Page 32 - University of Pretoria RESEARCH REVIEW 2016
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HUMAN rights
Children in South Africa face multiple environmental risks, including poverty and its many ramifications, family and community violence, and poor access to basic services related to health, education and justice.
The Centre for Augmentative and Alternative Communication (CAAC) in the Faculty of Humanities runs a multipronged research project aimed at understanding and addressing some of the risks children face, particularly children with severe communication disabilities.
In 2016, a study was conducted as a first step in developing a descriptive tool to measure trauma in young South African children, with support from postgraduate students in the Master’s in Early Childhood Intervention programme. Building on
earlier work, the aim of the 2016 study was to identify barriers experienced by children with severe communication disabilities in accessing the criminal justice system. This was done through a series of in- depth interviews and focus groups with professionals who work in the justice system, followed by a second part that focussed on the factors that could assist children with communication disabilities who have been victims of crime to access the South African criminal justice system.
Based on the findings, a disability sensitivity training programme for police officers was developed. The first phase of this project also included a systematic review of existing programmes, and a pilot study
to test the effectiveness of the programme that
had been developed. In the review of existing programmes, it was found that very few training programmes have been published and are open to external peer-review scrutiny, and that only in a few cases has their effectiveness been measured. This illustrates the importance of empirically-based tested police training programmes to equip police officers in effectively serving persons with disabilities, and especially children with communication disabilities, in an equitable and appropriate manner.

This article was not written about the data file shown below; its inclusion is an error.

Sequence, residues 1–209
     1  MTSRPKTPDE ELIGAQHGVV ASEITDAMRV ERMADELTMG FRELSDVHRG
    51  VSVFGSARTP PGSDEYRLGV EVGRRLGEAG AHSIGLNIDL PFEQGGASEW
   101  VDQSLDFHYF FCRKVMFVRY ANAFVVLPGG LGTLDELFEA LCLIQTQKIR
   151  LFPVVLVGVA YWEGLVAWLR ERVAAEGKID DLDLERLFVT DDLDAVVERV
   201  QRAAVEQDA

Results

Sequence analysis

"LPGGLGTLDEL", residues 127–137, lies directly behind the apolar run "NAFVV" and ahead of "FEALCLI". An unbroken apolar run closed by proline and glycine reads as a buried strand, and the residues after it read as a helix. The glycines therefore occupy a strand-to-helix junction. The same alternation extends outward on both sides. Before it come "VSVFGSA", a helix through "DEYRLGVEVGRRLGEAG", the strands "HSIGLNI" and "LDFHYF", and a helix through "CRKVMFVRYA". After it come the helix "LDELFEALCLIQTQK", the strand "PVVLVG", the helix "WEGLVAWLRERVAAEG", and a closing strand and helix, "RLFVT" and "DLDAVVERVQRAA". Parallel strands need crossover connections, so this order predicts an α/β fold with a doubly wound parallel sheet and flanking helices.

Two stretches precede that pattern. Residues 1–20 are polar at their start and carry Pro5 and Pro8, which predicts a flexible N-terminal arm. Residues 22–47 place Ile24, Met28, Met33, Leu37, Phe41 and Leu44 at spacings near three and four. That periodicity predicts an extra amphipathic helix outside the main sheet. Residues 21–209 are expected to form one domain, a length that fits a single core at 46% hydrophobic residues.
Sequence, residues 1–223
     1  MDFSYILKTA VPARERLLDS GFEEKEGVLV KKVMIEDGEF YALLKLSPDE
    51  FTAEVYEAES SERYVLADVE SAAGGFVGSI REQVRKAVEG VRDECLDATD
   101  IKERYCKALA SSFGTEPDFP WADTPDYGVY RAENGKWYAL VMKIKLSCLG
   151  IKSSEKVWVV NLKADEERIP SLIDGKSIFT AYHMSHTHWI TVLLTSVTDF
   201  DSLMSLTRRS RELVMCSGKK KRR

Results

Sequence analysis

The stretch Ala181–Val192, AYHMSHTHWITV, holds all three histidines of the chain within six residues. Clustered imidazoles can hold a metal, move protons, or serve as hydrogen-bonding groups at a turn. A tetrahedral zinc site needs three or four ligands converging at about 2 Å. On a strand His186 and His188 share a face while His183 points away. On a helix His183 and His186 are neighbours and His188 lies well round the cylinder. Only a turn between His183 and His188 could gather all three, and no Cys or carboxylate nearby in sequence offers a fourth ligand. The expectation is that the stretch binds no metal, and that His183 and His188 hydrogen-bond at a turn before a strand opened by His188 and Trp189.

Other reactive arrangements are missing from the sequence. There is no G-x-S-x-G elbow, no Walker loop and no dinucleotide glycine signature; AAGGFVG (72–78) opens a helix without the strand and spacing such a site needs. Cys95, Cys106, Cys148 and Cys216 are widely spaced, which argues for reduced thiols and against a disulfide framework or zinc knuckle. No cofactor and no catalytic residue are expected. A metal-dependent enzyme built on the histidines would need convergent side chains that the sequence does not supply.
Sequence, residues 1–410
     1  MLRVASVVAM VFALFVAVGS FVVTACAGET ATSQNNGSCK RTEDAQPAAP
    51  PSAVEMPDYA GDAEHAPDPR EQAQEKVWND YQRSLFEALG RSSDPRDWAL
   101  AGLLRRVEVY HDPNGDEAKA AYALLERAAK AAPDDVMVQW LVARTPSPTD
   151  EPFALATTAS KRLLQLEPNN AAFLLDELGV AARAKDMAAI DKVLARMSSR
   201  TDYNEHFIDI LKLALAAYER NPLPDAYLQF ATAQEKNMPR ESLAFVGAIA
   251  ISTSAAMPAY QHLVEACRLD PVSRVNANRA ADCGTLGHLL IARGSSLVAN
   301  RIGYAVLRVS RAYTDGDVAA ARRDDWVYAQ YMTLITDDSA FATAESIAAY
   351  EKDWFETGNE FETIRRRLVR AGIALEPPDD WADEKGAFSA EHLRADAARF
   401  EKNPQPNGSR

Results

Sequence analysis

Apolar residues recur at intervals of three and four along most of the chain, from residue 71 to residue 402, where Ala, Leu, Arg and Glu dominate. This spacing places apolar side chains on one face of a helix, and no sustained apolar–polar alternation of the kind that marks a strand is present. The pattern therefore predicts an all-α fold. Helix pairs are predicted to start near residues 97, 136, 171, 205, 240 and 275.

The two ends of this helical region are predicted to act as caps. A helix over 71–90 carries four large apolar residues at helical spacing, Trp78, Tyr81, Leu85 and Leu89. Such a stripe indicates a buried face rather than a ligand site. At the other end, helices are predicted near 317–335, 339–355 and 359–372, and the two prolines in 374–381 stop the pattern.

This project has been expanded to develop a three- phase court victim empowerment programme that can assist a victim with a communication disability, the victim’s family and the legal professionals during the court preparation process, while testifying
in court, and during the post-trial debriefing and counselling procedure.
The second intervention in 2016 focused on the development of a sexuality training programme for young women with intellectual disabilities, in an attempt to empower them and prevent victimisation and sexual abuse. This is an area often neglected
in intervention, due to the cumulative effects of negative social attitudes to the sexuality of women with intellectual disabilities, as well as the restrictive social perspectives of the sexuality of women in general. This project was based on the PhD work of Dr L Rathbone who graduated in 2016.
     The research project forms part of the Mellon-funded Faculty Research Theme in the Humanities, Enhancing the wellbeing of vulnerable children (2014–2016). Staff involved are: Professor Juan Bornman, Professor Shakila Dada, Dr Kerstin Tönsing, Dr Alecia Samuels, Dr Ensa Johnson, Refilwe Morwane, Robyn White, Karin van Niekerk, and Enid Moolman.
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